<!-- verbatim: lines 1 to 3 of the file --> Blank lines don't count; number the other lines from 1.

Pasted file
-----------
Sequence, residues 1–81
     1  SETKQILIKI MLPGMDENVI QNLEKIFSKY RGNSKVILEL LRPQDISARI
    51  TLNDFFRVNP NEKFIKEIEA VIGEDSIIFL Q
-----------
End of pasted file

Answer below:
Sequence, residues 1–81
     1  SETKQILIKI MLPGMDENVI QNLEKIFSKY RGNSKVILEL LRPQDISARI
    51  TLNDFFRVNP NEKFIKEIEA VIGEDSIIFL Q